Gate to Eastern Siberia.
Leaving the grey Novosibirsk to Krasnoyarsk I’m also moving from Western part of Siberia to the Eastern one, maybe the most interesting because of its wild nature and peculiarity. A good start is the town of Krasnoyarsk located by the river Yenisey. Region of Krasnoyarsk extends until the Arctic Ocean but part of it is still forbidden to the foreigner. Somewhere on the way to north there is Tunguska, the place where a mysterious explosion occurred in 1908. There are several reasons why visit Krasnoyarsk. The town itself is nice and has a strong character, there are many excursion that can be done to the nearby mountains and of course is perfectly located to break the long trip from Novosibirsk to Irkutsk and the lake Baikal. I spent two days here, the first one going around the town and the second one exploring its beautiful surroundings. Here below a report about most interesting things to see in town and nearby.
A very communist town.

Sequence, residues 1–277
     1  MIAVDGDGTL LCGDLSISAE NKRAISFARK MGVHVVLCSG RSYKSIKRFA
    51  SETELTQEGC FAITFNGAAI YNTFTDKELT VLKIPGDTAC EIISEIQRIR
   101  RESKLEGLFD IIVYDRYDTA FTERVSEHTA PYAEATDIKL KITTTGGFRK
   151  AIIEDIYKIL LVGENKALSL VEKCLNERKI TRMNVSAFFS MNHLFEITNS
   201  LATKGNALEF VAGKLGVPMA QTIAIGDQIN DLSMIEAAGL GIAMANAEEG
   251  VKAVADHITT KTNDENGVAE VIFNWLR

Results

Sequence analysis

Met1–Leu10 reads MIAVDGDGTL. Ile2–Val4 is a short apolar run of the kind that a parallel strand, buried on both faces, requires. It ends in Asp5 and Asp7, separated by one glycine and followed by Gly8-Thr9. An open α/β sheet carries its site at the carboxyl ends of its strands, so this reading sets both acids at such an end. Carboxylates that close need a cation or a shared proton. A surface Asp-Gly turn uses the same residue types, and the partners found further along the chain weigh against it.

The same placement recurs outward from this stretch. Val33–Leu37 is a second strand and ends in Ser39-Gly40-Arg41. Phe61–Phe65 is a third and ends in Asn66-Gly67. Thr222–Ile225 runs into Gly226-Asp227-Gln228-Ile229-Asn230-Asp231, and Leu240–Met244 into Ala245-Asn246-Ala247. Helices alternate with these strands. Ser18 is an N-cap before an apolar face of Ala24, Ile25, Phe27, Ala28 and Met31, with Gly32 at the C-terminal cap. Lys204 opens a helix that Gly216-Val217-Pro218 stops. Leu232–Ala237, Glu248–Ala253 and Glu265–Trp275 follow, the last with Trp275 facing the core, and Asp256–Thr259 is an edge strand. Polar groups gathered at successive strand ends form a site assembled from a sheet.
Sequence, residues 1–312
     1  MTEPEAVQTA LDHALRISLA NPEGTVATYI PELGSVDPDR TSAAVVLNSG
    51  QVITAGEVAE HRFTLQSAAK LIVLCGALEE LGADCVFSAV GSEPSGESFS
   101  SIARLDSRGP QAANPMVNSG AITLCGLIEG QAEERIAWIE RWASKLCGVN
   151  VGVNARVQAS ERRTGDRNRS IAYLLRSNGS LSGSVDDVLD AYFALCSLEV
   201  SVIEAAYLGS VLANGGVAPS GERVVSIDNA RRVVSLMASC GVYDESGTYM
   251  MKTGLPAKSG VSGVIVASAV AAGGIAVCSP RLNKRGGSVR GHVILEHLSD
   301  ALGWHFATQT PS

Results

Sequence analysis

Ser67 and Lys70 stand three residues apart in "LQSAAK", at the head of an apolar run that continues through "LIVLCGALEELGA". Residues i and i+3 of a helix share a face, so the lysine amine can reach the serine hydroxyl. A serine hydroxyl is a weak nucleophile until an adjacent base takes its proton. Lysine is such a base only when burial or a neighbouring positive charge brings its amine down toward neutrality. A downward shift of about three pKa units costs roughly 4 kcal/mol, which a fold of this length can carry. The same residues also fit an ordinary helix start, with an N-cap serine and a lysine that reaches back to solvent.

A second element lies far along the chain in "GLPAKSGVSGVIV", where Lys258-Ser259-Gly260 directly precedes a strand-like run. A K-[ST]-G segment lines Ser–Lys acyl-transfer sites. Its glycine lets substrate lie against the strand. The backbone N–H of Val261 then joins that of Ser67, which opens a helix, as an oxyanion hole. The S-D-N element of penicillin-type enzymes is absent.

The very first thing that impresses me about Krasnoyarsk are the names of the streets. Beside the quite common Lenin and Marx street, here there are streets named after the Paris commune, the Dictatorship of the Proletariat, do not forgetting a Red Army street and, of course, the street of Communism. In general I think that this is the town with the higher amount of Communist symbols I’ve seen since Tiraspol in Moldova. The centre of the town is quite compact, enclosed by the big river Yenisey and the small stream Kacha. Railways station is about two kilometres far but is well connected by bus. I’m right in the centre, just next to Intercession Cathedral, a nice church with green roof that is of course the first sight I see. The itinerary I drafted in my mind starts from the Yenisey riverside and it ends up with the Chasovnya Chapel located on a hill on the other side of the Kacha stream. River bank in the central part of the town doesn’t seem to me to be developed as it could be. There is the nice building of the former river station but that is now almost abandoned and there are no quays as someone could expect. Life starts once you reach the Sv.Nikolay ship, a small museum celebrating two notable past passengers: Lenin on the way to his exile in Shushenskoe and Nikolay II cruising on the Yenisey. Right after it there are a bunch of shashlyk restaurants and a cafe. This area is relatively busier because from here, through a pedestrian bridge is possible to reach the Tatyshev island, the place where the locals sunbath and swim in the huge river. There are a lot of people in spite of the working day. Nearby Karl Marx, Lenin and Mira streets host a lot of beautiful wooden house. Instead, hidden among some big concrete building, there is a small Synagogue. Streets running close to stream Kacha are unpleasant to walk, being chaotic and with a lot of traffic but is enough to move upward from the foot of the hill to enter in a completely different scenario. This quartier is made entirely by wooden house and is very peacefully. The uphill walk to the chapel is hard so, entering in a small shop for buying waters I have the chance to see the snack corner they have. It is made of taps for beer, kvas, lemonade and big boxes of snacks including nuts and dried fish. My goal is very close. However in the end I have to say that the chapel is nothing special. It should have probably some special meaning from the religious point of view because its image is also on the 10 rubles banknote. There are no many other sights in town. Surrounding area, it is said, offers the best.This post continues to next page